Quadriplegic paints with mouth to honor healthcare workers’ dedication during the pandemic

Connecticut Families

MERIDEN, Conn. (WTNH) – – “They’re sitting on the world,” said Ryan Rosario, describing his painting called ‘You Are the Light.’ “He’s slouched over because he’s tired. God is shining his light on them, pretty much saying, ‘a light is coming soon.'”

The work of art is a gift for healthcare workers, fighting a pandemic. And, amazingly, Rosario, a quadriplegic, painted the strokes using his mouth, not hands.

Looking for light is a sentiment he knows all too well.

He experienced darkness after a devastating diving accident left him paralyzed in 2007 with no movement in his legs or hands.

“The first 5 years, it was kind of hard,” he explained. “To not be able to move, to watch the world go by me…when I started noticing it was affecting my family, I just woke up out of it.”

About a year ago, he rediscovered a love of painting, but finding his incredible style took some trial and error.

“One day, I realized, ‘Let me try to put the brush in my mouth,'” he recalled. “Instantly, I noticed I had so much control over the pencil and brush.”

“I believe the strength he gained and decreased pain he got through therapy did help him to be able to paint,” said Susan Goldstein, a physical therapist at Gaylord Specialty Healthcare, where the painting will soon hang. “The art in itself is amazing, but when you find out the process, it’s inspiring.”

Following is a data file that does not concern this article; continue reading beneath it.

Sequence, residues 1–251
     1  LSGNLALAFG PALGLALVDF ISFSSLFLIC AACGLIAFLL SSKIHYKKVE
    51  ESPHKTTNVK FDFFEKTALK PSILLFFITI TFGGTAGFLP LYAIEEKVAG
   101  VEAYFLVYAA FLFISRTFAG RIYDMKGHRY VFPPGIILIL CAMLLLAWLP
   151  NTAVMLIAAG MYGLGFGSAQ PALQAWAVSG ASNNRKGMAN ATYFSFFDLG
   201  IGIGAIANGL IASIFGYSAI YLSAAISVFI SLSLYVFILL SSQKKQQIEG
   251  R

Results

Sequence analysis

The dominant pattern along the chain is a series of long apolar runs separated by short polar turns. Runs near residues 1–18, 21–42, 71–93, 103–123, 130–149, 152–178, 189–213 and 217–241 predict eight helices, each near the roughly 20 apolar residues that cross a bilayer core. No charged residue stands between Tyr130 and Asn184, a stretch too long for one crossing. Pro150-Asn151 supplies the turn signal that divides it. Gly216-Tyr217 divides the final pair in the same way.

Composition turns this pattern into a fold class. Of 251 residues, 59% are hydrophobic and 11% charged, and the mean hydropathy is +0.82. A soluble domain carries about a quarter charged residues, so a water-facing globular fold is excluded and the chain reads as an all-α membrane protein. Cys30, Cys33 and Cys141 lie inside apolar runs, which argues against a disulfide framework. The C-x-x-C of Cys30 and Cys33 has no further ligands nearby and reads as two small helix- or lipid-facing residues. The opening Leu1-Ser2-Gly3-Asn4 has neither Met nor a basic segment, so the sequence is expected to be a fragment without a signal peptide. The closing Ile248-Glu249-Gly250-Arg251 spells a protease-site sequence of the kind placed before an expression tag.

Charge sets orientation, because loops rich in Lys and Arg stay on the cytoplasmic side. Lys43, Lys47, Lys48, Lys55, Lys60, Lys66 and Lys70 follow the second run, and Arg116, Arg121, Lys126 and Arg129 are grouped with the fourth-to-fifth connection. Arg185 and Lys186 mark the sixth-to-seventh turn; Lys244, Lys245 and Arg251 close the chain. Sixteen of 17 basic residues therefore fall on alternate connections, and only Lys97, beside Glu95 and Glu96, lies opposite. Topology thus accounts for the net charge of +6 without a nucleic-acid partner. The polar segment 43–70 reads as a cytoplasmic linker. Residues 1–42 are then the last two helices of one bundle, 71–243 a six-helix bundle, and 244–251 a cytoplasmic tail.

“Honestly, I just wanted to say thanks,” said Rosario.

His three sons assist their dad with his craft. His third boy was born after the accident when doctors said Rosario and his wife would probably not have more children.

“She ended up being pregnant which was my miracle baby,” said Rosario, a man who could never, would never give up.

“You’ve got to find new tricks to accomplish your goals, but as long as you find those tricks, you can do anything,” he says, sharing a message of hope for nurses, doctors and everyone going through this challenging time. “There’s a light at the end of the tunnel.”

Rosario has big plans to keep painting and to hang his creations in galleries and maybe even more hospitals to show the world what he can do.

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